If you remain for both events, you can purchase sandwiches at Finnegan's Store on Highway 12. Also, check the schedule for the cafe at picturesque and often birdy War Eagle Mill, just south on Highway 303. 

All NWAAS field trips are free and open to the public. We always welcome new members, but membership in NWAAS is not a requirement for participation. We try to make our field trips accessible to everyone, all ages & all abilities. Beginning birders are always welcome. We have field trips on Saturdays and Sundays to accommodate different schedules. We try to arrange carpools where possible.

For maps and more information about these places, check the Northwest Arkansas Audubon Society web site and the section “Places to bird in northwest Arkansas” (on the left side of the home page).

Joe Neal touts driving tour of prairie areas near Siloam Springs: See link for PDF view on official NWA Audubon Web site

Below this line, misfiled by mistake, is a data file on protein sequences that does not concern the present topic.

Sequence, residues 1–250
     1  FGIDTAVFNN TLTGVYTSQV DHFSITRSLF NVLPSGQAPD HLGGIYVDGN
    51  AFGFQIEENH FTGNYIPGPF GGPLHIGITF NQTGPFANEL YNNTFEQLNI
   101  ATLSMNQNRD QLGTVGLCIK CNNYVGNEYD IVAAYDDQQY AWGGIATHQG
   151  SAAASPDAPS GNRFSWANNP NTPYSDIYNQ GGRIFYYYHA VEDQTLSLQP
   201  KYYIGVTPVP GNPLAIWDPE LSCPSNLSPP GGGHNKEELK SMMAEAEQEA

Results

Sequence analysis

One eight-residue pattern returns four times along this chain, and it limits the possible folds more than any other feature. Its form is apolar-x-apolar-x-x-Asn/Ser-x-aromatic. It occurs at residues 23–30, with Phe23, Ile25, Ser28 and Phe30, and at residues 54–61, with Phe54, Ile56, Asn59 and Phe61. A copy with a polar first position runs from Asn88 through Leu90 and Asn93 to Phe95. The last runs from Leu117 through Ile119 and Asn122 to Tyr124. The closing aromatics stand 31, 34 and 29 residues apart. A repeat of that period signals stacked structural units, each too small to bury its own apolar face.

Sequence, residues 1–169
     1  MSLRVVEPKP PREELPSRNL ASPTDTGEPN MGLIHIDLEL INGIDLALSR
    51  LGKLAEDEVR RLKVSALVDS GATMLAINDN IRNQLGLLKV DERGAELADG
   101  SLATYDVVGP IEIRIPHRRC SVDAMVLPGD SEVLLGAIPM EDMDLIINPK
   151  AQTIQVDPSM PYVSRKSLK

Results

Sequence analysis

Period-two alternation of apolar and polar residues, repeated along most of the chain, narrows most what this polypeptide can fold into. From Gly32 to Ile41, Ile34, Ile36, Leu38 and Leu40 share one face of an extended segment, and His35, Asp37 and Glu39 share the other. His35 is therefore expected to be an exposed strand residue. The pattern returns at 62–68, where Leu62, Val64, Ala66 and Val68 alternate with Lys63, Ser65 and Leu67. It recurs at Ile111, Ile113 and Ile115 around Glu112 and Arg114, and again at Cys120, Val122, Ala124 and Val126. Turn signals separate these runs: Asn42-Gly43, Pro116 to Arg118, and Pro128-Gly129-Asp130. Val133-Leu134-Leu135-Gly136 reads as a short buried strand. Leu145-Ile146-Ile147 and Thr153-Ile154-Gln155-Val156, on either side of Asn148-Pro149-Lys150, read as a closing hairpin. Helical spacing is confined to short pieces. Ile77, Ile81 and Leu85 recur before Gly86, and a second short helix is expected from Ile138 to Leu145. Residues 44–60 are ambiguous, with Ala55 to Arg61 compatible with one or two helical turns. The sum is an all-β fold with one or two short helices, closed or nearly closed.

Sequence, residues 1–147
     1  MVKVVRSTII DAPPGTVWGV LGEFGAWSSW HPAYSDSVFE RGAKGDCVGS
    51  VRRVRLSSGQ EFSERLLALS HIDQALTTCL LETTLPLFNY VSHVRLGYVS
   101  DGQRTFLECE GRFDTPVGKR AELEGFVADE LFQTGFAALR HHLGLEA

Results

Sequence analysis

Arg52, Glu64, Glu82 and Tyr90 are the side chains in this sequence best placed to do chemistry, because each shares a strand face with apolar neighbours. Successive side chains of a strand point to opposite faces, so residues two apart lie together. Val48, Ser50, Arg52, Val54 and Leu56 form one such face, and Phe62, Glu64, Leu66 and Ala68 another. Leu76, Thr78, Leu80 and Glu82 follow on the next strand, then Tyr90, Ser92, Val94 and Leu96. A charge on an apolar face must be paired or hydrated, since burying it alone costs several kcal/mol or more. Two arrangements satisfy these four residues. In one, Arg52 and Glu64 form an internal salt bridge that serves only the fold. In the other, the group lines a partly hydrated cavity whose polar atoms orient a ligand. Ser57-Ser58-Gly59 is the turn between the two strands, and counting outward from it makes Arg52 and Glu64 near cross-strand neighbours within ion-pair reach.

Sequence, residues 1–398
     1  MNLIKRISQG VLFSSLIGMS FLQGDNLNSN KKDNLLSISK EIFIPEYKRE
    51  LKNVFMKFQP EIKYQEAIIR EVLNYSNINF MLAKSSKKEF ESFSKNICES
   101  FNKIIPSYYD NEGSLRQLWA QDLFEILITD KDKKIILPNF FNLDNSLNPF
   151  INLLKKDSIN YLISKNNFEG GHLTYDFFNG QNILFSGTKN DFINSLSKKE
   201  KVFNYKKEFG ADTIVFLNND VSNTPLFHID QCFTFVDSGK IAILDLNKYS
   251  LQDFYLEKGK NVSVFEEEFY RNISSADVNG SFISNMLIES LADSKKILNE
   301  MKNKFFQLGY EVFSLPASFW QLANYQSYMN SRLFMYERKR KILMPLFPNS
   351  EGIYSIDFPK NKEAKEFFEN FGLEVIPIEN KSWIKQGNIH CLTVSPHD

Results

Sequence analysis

Now available as a PDF file from Northwest Arkansas Audubon Society: Lindsley's Prairie Auto Tour, a drivable and observable loop through the former Lindsley's Prairie at Siloam Springs. This includes both Chesney Prairie Natural Area and the privately owned, but still accessible Stump Prairie. NWAAS web master Richard Stauffacher has it on this page:

There is a lot to observe along the tour. It should be of interest to everyone, including those with mobility limitations, since all of this can be treated as a "windshield survey" or you can get out of the car and observe along public roads, plus Chesney and Stump -- or not -- as mobility and time allow.